It’s not surprising then that the clientele, mostly couples or family groups, is clearly well-to-do in a smart low-key way. Like the restaurant itself, there is no flashiness, no fanfare, no ostentation, just quiet down to earth appreciation.
Seated at our small table for two, we order a shared starter of one of the specials not listed on the menu, a soft white cow’s cheese from the Alps with chicory, a couple of beef tomato segments and a crispy cracker. It’s not bad, if a little boring. The cheese is nice and curdy, and yes, sort of freshly alpine tasting, the sort of thing Heidi and her granddad might eat of an evening, but for my liking, there’s not enough balsamico to give the dish guts, especially as the tomatoes and the crisp bread are virtually tasteless. I’d like it more if it were served with stewed figs perhaps, or something that would give the soft creamy cheese a counterbalance and sharper contrast.
As a main course, the Lovely Husband choses calves liver with onion rings, mashed potatoes and a side order of broccoli. It arrives looking and smelling completely delicious. He pronounces the two slices of liver to be superbly tender and of tip top quality, the gravy sensationally tasty, the broccoli cooked to perfection and the whole lot perfectly complemented by the onion rings and mash. He rolls his eyes in ecstasy with every forkful he eats. This, clearly, is a major success!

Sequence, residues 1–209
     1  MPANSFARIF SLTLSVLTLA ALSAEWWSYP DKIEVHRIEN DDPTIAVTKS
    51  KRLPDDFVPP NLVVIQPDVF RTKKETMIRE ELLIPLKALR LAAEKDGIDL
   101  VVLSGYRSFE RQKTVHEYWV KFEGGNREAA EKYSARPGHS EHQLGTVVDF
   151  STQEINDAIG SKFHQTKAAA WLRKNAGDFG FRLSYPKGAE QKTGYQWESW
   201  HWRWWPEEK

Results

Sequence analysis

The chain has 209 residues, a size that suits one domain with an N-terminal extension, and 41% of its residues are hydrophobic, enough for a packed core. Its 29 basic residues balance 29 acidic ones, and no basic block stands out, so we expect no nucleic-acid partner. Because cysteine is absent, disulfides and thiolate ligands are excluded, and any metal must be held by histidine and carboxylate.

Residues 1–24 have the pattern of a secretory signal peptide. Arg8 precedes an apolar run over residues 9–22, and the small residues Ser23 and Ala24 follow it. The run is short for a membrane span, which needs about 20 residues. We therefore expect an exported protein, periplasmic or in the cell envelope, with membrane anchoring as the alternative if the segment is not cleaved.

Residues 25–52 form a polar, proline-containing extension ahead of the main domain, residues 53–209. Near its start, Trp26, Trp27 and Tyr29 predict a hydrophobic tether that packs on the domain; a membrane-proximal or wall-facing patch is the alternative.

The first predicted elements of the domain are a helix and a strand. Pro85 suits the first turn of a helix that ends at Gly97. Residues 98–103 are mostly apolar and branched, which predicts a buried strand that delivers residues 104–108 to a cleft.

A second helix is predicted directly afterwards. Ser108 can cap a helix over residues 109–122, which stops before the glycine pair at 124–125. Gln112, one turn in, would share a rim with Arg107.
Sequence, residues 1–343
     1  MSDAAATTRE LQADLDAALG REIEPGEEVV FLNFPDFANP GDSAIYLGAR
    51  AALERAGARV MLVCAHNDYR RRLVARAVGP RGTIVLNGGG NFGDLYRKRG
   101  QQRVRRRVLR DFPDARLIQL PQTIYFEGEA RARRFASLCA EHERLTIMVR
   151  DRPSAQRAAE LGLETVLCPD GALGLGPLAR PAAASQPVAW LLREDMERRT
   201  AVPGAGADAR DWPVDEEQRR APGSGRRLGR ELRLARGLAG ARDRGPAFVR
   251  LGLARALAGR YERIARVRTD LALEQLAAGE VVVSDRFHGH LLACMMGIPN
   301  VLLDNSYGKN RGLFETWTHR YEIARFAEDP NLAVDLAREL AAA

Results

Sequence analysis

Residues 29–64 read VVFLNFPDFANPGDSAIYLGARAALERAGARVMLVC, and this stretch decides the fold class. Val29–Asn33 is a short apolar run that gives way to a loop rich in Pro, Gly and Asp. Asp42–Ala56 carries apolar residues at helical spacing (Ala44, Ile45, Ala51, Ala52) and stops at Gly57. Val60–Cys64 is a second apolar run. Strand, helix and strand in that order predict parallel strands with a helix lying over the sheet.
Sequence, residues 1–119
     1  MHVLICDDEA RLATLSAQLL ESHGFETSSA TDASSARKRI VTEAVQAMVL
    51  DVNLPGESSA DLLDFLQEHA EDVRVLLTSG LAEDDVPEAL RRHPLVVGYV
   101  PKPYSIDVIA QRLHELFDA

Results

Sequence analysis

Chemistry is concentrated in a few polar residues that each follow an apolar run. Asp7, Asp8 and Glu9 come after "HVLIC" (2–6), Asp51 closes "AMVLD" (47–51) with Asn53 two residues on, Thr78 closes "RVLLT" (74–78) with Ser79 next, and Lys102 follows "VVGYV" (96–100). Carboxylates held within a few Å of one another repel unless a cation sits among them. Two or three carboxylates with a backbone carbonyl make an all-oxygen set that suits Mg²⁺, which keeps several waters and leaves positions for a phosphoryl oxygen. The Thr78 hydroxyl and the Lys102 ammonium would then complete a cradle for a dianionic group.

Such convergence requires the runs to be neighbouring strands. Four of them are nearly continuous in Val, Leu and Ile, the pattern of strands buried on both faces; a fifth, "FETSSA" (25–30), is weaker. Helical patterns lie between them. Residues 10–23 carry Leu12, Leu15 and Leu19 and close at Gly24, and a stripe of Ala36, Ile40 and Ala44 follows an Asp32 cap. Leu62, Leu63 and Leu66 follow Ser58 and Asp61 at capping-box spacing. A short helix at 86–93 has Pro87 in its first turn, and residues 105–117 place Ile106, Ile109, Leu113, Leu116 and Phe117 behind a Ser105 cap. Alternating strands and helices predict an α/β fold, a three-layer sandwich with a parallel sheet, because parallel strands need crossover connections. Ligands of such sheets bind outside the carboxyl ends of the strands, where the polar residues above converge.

I have been a touch extravagant in my choice of Linguine all’astice, a perfectly sized portion of beautifully cooked linguine with the succulent, almost sweet meat of half a small lobster, chunks of which are conveniently already loosened out of the shell on the side of the plate, and sitting atop the pasta. On my request, some chopped red chilli had been added, catapulting the whole divine dish into the realms of seventh heaven. It’s just gorgeous and worth every penny of the £25 it’s priced at.
Our shared panacotta with berries is equally enjoyable and very moreish, its milky sweetness set off by the tart fruit. Yum yum!
Riva succeeds in coupling complete unpretentiousness with solidly good food preparation and very attentive, knowledgable service. There may be no major surprises here, no fancy presentation or unusual taste sensations, in fact, it’s all rather charmingly old fashioned and conservatively staid, so much so, that it doesn’t even have its own website, but it certainly merits its remarkable reputation and makes a trip to Barnes well worthwhile. It’s no wonder that it is so beloved by those who know about food excellence.
Our bill, including a bottle of Pinot Grigio, an Americano coffee and service charge came to £109.
What I wore
Linen khaki square necked Armani Jeans dress, linen Mango jacket, leopard print Manolo Blahnik slingbacks, cream vintage Gucci handbag with bamboo handle.